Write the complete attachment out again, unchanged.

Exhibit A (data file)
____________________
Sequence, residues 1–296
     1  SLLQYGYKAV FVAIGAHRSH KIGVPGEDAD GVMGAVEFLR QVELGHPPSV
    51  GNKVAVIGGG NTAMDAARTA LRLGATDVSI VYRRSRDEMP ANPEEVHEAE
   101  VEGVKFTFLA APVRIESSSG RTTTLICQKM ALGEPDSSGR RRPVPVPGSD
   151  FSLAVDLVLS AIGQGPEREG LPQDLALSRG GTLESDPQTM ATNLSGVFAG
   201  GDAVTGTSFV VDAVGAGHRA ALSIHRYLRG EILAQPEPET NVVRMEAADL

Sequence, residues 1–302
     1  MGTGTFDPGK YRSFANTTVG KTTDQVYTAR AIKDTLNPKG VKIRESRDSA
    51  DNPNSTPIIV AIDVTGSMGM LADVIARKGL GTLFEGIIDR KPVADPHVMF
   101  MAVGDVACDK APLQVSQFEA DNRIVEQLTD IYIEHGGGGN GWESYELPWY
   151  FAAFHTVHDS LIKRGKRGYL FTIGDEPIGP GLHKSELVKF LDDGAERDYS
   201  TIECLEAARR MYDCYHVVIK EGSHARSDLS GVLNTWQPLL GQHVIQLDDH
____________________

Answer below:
Sequence, residues 1–296
     1  SLLQYGYKAV FVAIGAHRSH KIGVPGEDAD GVMGAVEFLR QVELGHPPSV
    51  GNKVAVIGGG NTAMDAARTA LRLGATDVSI VYRRSRDEMP ANPEEVHEAE
   101  VEGVKFTFLA APVRIESSSG RTTTLICQKM ALGEPDSSGR RRPVPVPGSD
   151  FSLAVDLVLS AIGQGPEREG LPQDLALSRG GTLESDPQTM ATNLSGVFAG
   201  GDAVTGTSFV VDAVGAGHRA ALSIHRYLRG EILAQPEPET NVVRMEAADL

Sequence, residues 1–302
     1  MGTGTFDPGK YRSFANTTVG KTTDQVYTAR AIKDTLNPKG VKIRESRDSA
    51  DNPNSTPIIV AIDVTGSMGM LADVIARKGL GTLFEGIIDR KPVADPHVMF
   101  MAVGDVACDK APLQVSQFEA DNRIVEQLTD IYIEHGGGGN GWESYELPWY
   151  FAAFHTVHDS LIKRGKRGYL FTIGDEPIGP GLHKSELVKF LDDGAERDYS
   201  TIECLEAARR MYDCYHVVIK EGSHARSDLS GVLNTWQPLL GQHVIQLDDH